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U Of U Creates Digital Archive For Coronavirus History

SALT LAKE CITY, Utah – Staff at the J. Willard Marriott Library at the University of Utah have created a new digital archive specifically for preserving moments from the coronavirus pandemic in history.

“If you are sitting in rural Utah, or if you’re in a big city, you are being affected by this in some way,” said Jeremy Myntti, head of digital services at the Marriott Library.

He’s overseeing the effort to preserve this unprecedented time in the state, nation and world.

From social distancing to new fashion accessories, empty businesses and homes turned into schools, the list of how the virus has affected many of us can seem endless.

Additionally, Utah experienced a magnitude 5.7 earthquake and numerous aftershocks during the pandemic.

“This will go down in the history books, along with all of the big events that you read about in history books. This is just another one of those and it’s affecting everybody in some way or another,” Myntti said.

The Utah COVID-19 Digital Collection was created to document the state’s response and two projects will be created: the Utah COVID-19 Digital Photograph Project and the Utah COVID-19 Story Project.

“There’s really been a nationwide movement to preserve and archive materials related to the coronavirus pandemic,” said Anna Neatrour, digital initiatives librarian at the Marriott Library.

Dozens of people have already shared photos. One showed a family separated in their own home because of the coronavirus.

Another featured encouraging messages posted on a sign and works of art drawn on sidewalks and driveways in every neighborhood.

Others showed fabric and sewing machines, along with the willing hands who were working to help protect others with masks.

A handful of pictures showed the unique way Utahns have gathered for dinner or work meetings.

“It really ranges between lighthearted content and supermarket social distancing, empty shelves to some serious, really frightening moments for families to deal with,” said Rachel Wittmann, a digital curation librarian at the Marriott Library. “Just anything about how your daily life has changed for yourself or within your community.”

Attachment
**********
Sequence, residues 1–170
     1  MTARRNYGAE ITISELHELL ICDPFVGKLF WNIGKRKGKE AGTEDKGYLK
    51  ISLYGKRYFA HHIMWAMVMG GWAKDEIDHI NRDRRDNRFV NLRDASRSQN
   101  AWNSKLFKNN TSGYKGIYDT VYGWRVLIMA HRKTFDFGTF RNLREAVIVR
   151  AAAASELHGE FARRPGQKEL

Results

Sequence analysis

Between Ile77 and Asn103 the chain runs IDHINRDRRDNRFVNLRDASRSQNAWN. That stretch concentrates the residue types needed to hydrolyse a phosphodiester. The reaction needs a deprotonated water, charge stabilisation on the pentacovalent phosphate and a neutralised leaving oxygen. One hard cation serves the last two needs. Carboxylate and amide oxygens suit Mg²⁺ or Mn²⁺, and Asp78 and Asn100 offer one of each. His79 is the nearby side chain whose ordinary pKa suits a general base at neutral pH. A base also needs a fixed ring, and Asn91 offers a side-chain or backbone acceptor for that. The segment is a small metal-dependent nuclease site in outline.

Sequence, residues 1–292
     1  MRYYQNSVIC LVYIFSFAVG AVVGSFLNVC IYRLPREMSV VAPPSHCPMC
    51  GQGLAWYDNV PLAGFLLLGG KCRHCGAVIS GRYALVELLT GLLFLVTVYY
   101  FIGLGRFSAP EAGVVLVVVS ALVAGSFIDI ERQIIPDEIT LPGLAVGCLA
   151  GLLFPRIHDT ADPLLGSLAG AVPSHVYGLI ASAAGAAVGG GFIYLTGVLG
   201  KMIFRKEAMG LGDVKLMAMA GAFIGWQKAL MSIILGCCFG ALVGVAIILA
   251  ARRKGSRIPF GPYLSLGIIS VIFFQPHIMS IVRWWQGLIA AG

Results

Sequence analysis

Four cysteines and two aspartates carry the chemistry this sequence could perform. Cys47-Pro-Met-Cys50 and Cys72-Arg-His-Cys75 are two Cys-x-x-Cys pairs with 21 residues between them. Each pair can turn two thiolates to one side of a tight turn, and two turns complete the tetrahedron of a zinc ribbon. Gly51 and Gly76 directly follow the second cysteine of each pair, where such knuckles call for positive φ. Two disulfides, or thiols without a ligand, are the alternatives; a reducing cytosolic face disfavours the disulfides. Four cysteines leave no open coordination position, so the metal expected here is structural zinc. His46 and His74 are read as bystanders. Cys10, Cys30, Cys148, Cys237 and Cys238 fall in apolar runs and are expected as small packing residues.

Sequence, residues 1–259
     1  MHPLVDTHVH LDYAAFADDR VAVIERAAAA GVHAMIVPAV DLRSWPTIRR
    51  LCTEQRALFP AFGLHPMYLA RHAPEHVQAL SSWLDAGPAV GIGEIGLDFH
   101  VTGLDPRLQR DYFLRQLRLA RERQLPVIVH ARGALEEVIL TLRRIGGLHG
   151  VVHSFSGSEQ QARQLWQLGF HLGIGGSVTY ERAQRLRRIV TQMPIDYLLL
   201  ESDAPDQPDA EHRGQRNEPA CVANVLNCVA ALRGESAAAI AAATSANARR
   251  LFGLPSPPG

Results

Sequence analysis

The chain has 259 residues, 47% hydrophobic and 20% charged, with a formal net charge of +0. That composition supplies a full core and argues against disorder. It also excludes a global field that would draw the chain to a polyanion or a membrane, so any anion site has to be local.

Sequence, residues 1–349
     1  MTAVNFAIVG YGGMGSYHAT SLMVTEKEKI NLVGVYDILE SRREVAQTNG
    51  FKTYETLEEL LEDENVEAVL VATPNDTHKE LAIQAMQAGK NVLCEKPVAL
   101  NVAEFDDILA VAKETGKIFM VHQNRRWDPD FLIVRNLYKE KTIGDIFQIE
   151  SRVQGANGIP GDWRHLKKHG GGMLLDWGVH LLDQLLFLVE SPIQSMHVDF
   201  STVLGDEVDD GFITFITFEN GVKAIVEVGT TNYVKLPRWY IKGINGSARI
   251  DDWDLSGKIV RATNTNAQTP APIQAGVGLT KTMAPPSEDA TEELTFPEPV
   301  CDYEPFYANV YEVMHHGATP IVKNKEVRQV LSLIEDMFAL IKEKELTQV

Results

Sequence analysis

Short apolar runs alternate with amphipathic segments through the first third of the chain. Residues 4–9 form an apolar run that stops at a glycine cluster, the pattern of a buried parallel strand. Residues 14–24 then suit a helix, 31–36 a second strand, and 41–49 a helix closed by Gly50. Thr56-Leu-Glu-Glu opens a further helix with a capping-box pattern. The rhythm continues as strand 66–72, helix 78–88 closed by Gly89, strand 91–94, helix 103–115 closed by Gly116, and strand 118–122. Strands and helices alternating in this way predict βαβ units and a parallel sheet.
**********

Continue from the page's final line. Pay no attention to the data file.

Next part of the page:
Each person and each family will have a different story to tell. Some are painful, while others are joyful. Experiences that may seem endless now, but at some point will become a moment to remember.

“What you’re doing is you’re making history,” Myntti said.

The new digital archive is free and open to the public. You can share your stories and photos here.

See the latest numbers and information from the Utah Coronavirus Task Force here.


Coronavirus Resources

How Do I Prevent It?

The CDC has some simple recommendations, most of which are the same for preventing other respiratory illnesses or the flu:

  • Avoid close contact with people who may be sick
  • Avoid touching your face
  • Stay home when you are sick
  • Cover your cough or sneeze with a tissue and then throw the tissue in the trash
  • Wash your hands often with soap and water for at least 20 seconds, especially after going to the bathroom, before eating, and after blowing your nose, coughing or sneezing. Always wash your hands with soap and water if your hands are visibly dirty.
  • If soap and water are not readily available, use an alcohol-based hand sanitizer with at least 60% alcohol.
The CDC recommends wearing cloth face coverings in public settings where other social distancing measures are difficult to maintain (e.g., grocery stores and pharmacies), especially in areas of significant community-based transmission.

How To Get Help

If you’re worried you may have COVID-19, you can contact the Utah Coronavirus Information Line at 1-800-456-7707 to speak to trained healthcare professionals. You can also use telehealth services through your healthcare providers.

Additional Resources

If you see evidence of PRICE GOUGING, the Utah Attorney General’s Office wants you to report it. Common items in question include toilet paper, water, hand sanitizer, certain household cleaners, and even cold medicine and baby formula. Authorities are asking anyone who sees price gouging to report it to the Utah Division of Consumer Protection at 801-530-6601 or 800-721-7233. The division can also be reached by email at consumerprotection@utah.gov.

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